Above: Sage Fire, December 20, 2016. Photo by Ventura County Fire Department.
After studying 16 wildfires that killed firefighters between 1937 and 1956 a task force commissioned by USDA Forest Service Chief Richard E. McArdle developed a list of 10 Standard Firefighting Orders. It was hoped that if followed, it would reduce the the number of fatalities.
I was reminded of two of those orders when I saw the information Ventura County Fire Department was providing, not only to their firefighters, but to the public during a wildfire that eventually burned 61 acres in a southern California community. A map distributed on Twitter and Facebook showed the approximate location of a fire that was threatening dozens of homes. It also had icons marking the location of firefighting resources.
The near-real time information about the location of both the fire AND firefighters, which I call the Holy Grail of Wildland Firefighter Safety, relates to numbers 2 and 9:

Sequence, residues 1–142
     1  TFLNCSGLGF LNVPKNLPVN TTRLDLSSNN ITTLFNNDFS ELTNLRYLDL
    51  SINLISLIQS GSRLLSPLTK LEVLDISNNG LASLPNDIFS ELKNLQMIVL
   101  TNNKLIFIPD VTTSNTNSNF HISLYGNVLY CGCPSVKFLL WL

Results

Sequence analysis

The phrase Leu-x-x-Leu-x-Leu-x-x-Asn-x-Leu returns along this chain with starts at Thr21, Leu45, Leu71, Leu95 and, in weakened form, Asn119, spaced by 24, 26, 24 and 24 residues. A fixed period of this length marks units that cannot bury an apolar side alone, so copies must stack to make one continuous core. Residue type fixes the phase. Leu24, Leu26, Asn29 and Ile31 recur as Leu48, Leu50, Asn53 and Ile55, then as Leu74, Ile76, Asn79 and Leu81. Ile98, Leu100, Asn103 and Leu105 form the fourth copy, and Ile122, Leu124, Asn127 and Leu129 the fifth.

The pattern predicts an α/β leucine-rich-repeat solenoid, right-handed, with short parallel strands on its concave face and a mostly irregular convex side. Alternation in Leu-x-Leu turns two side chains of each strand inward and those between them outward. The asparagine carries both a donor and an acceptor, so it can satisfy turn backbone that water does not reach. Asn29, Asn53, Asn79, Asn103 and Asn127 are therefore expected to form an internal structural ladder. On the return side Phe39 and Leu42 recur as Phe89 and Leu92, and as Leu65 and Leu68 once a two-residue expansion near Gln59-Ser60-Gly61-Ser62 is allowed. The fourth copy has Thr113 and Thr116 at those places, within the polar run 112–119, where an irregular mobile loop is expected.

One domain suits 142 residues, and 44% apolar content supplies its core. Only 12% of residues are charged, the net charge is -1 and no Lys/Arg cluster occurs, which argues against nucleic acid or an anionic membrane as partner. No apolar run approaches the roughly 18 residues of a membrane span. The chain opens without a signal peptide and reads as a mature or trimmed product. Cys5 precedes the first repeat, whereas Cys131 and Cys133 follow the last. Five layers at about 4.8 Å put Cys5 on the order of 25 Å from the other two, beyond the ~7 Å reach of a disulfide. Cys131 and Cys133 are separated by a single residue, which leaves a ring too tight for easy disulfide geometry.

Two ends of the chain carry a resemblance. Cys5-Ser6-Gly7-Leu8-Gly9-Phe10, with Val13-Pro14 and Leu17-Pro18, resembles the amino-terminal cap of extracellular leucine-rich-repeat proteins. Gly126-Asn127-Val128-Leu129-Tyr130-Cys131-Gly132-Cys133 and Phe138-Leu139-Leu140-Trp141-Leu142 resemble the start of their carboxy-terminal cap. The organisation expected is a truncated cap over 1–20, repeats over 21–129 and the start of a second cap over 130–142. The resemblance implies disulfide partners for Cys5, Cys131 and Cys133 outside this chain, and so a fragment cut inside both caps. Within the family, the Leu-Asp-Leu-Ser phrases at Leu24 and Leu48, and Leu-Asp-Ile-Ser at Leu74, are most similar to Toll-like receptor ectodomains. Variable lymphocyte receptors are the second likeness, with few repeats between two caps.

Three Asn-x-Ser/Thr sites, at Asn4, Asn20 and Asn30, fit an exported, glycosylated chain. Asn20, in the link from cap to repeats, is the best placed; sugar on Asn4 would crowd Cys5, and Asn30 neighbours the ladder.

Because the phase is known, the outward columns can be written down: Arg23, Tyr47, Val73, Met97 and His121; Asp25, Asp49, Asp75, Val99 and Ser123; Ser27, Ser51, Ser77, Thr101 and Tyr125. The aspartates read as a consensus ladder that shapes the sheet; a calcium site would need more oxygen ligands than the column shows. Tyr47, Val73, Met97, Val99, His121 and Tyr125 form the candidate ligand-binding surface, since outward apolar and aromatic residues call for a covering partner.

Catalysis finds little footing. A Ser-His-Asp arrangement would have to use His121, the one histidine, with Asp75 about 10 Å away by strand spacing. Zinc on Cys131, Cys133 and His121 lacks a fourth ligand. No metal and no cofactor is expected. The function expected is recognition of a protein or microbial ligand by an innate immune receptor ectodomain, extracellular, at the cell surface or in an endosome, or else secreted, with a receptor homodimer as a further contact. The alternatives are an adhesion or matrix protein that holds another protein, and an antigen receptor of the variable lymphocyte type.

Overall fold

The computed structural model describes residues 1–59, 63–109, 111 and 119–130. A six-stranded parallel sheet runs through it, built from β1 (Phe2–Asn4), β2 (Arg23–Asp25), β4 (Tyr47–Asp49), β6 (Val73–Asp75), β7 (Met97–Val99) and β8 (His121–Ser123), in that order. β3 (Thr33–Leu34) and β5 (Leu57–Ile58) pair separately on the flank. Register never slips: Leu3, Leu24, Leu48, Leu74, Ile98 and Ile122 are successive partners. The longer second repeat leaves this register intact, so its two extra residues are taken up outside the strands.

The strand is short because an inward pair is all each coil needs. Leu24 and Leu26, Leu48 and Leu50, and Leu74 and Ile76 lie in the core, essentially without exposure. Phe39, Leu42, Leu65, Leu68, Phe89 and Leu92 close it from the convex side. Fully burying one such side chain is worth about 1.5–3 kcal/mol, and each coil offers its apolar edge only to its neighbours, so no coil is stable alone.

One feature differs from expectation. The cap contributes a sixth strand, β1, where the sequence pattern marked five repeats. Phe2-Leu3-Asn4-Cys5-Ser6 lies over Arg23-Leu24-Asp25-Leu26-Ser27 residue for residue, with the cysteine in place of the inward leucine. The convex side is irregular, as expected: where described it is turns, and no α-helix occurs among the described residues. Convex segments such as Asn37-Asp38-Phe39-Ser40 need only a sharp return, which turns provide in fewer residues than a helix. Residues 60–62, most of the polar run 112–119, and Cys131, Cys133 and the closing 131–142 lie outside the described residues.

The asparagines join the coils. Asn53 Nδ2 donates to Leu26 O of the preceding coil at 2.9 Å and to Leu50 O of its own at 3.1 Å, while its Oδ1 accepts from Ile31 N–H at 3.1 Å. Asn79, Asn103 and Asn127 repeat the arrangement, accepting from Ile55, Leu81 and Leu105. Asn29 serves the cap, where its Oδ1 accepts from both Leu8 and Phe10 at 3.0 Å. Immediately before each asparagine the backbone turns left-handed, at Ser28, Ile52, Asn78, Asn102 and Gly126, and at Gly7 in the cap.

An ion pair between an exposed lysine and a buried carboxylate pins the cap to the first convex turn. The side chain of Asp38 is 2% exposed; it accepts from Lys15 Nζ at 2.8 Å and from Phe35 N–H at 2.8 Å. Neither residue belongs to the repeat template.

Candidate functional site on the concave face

2. Know what your fire is doing at all times.
9. Maintain control of your forces at all times.
We have written about this before, starting in October, 2013. Not knowing the location of the fire and firefighters has led to dozens of fatalities. Two fires that come to mind in the last decade or so are the Esperanza and Yarnell Hill Fires, in which 24 firefighters were killed.
Technology has changed in extraordinary ways since the 10 orders were written in the 1950s, but many of the agencies responsible for fighting wildland fires are far to slow to adopt new procedures that could save lives.
As a politician recently in the news would say, this is “sad”.
The current U.S. Forest Service Chief Tom Tidwell needs to reconvene a task force. Since the 1950s methods have been developed that can reduce the number of fatalities — to work toward the Holy Grail. It is time to implement them.
— Ventura County Fire (@VCFD) December 20, 2016